And don't imagine that Nancy Pelosi is unaware of this. She's a step ahead of you. She's included in the bill a right for the president to waive the restrictions. So, this time, no signing statement will be needed. Instead we'll get a waiver. I'm sure that'll make the soldier on his or her third tour of Iraq feel better when they're told that they're going to stay a little longer this time. In polls last year our troops in Iraq said they wanted to all come home last year.
Lynda wonders if the Dems are pushing this because of the oil? She wonders if, after Iraq's oil is privatized, suddenly Dems in Congress will be in agreement that it's time for US troops to withdraw? Who knows? It's a topic our independent media can't explore because they're too busy providing cover for the Dem leadership in the House. As Kat points out, in a devastating critique, even Free Speech Radio News' Leigh Ann Caldwell slants the coverage. That's really sad. When even Free Speech Radio News is slanting their coverage (and the editorial -- it was an editorial by Caldwell -- and only allowing a US House Rep who supports the measure to speak is slanting the coverage), it's really sad. I really thought the high minded purpose of journalism was to inform and it's really sad to see the usually dependable KPFA team be so eager to sell anything (the Pelosi measure in this case) that they're really not interested in informing but they are interested in slanting. That's really sad. By the way, Zach noted Kat's critique. And like Kat and myself, Zach listen to KPFA around the clock. It's been really sad.
Zach says he's not even sure if he's up to listening tomorrow. I understand. I heard Joy of Resistance (WBAI) today for that reason. I called a friend in NYC and said, "Please tell me WBAI has an actual program on with real information." He put the phone to the radio and I heard the NOW's New Jersey president talk about the importance of impeachment, Congress' need to listen to the people and also a lengthy report on women in Iran. After that, I held my nose and listened to NPR. I'll do that when I'm on the road and have no choice but you can count on one hand the number of times I do that when I'm home.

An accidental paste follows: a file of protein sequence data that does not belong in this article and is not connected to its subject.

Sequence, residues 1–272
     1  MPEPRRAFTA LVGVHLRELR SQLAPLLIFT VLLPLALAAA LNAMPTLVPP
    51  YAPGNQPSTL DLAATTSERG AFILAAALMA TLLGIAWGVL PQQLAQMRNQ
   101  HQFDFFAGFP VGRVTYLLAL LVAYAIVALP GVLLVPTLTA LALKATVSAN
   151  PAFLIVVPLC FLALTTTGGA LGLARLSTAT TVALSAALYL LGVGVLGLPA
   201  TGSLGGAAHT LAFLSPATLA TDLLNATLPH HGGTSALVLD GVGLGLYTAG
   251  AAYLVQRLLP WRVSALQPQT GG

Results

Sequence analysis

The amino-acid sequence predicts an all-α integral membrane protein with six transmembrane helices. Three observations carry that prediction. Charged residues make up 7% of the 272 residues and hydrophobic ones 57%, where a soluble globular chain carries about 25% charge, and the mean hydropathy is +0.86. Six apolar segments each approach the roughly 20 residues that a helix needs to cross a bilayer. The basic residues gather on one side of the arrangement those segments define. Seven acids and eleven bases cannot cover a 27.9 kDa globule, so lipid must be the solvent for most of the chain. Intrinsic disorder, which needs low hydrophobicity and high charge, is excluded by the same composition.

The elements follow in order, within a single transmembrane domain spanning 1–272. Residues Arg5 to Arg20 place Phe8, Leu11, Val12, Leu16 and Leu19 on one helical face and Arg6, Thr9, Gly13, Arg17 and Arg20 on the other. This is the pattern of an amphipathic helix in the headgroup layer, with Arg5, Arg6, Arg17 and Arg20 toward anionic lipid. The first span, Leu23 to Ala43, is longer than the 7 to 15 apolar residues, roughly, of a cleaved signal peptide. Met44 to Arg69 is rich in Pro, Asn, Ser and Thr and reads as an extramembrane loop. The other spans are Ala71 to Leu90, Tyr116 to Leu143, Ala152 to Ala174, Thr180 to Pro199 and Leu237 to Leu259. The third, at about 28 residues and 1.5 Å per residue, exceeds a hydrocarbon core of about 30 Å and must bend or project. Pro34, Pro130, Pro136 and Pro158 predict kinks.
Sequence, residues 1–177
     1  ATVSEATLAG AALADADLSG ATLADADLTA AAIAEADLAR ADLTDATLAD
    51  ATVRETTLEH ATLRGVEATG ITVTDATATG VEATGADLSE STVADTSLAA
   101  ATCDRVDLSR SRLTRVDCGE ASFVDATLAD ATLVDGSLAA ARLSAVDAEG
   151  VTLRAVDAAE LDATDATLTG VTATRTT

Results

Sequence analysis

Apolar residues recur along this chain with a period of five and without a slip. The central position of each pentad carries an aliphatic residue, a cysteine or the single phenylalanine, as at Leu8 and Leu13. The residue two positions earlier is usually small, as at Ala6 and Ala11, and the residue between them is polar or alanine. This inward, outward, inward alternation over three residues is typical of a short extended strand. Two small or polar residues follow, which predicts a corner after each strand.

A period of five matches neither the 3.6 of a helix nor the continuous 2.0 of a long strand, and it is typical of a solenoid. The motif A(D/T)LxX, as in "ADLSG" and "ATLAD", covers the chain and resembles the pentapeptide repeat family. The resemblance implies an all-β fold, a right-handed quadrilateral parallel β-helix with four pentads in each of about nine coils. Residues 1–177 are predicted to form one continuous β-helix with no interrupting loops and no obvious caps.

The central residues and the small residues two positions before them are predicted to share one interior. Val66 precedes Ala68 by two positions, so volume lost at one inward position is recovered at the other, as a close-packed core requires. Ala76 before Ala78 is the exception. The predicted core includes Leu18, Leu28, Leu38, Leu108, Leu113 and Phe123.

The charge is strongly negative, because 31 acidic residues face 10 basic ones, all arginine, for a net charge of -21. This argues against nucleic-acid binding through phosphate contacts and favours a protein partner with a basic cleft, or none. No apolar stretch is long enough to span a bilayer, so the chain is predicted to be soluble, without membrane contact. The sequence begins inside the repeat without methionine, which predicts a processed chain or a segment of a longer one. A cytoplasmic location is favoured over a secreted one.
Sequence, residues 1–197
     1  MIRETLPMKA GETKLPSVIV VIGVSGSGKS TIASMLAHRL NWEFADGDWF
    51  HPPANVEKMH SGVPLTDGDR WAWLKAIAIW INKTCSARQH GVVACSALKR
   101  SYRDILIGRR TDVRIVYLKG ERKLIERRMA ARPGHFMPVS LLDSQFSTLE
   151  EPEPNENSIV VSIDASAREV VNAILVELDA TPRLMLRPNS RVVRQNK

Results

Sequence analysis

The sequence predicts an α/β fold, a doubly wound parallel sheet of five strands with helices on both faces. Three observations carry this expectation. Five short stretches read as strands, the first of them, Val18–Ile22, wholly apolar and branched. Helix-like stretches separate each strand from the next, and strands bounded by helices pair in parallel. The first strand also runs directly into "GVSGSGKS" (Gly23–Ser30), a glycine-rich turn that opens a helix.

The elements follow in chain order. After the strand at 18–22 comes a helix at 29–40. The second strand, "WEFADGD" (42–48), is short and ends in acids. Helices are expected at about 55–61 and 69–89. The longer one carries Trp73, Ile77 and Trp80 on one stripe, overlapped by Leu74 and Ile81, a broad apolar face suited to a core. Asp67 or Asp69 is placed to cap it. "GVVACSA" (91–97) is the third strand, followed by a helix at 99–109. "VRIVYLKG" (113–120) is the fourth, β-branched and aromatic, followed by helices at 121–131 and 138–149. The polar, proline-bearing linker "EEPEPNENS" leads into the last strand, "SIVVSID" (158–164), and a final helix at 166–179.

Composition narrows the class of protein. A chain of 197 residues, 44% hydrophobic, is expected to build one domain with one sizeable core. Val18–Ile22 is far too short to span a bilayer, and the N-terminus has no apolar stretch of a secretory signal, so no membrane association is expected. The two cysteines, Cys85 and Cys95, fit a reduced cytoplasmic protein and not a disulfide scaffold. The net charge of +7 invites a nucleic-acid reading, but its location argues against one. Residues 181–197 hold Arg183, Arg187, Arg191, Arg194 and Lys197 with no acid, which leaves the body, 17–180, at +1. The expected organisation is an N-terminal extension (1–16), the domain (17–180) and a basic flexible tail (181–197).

It's really strange to see KPFA marginalize the voices for peace. To act like it's some small group. It's not. It's bad enough when the likes of Obey want to lecture about how responsible they are, it's even worse when KPFA provides cover for that. (I'm referring to the news department.)
Now let's talk about the realities of responsibility. The Congress has been irresponsible. The Congress has allowed the illegal war to go on for four years. The Dem leadership didn't include Iraq in their 100 day list. The Congress only began doing what little they have done as a result of pressure from the people.
Apologists can offer all the excuses they want. They can talk about the pressure and how hard it is and blah blah boo hoo blah. If they want an easy job, they can resign. They ran for office. This is their job. An illegal war is dragging on, if that's too much for a Congress member to address, they need to offer their resignation. Iraqis don't have the opportunity of escaping reality. US service members serving in Iraq don't have the luxury our Congress does. Family members and friends who've lost someone or go through each day hoping that this isn't the day the military pulls up to deliver an announcement don't have the easy lives of Congress.
Poor Nancy Pelosi, she's having to serve a district and to be a national figure. Well, she wanted it. She got it. It's not just magazine covers and interviews. She's there to do the people's work, to work for the people.
They pulled the "no" to war on Iran, they gave Bully Boy easy outs that allow him to ignore their so-called "benchmarks." A lot more but we can't get coverage of that. We can get justifications, we can get excuses. Now you expect that from Congress -- which only acted this much due to significant pressure coming to bear -- but you don't expect apologists from the supposed left to pop off about how Obey's a nice guy and you just stop picking on him! And you don't expect KPFA or Free Speech Radio News which fought like crazy to be independent to throw out sop to listeners. I enjoy the work Caldwell has done but that editorializing was embarrassing. It was so against the principles that led to Free Speech Radio News that I honestly wondered why so many of us fought to save KPFA. That's how disappointed in KPFA's coverage. I found myself thinking today, "Maybe they should have been sold off."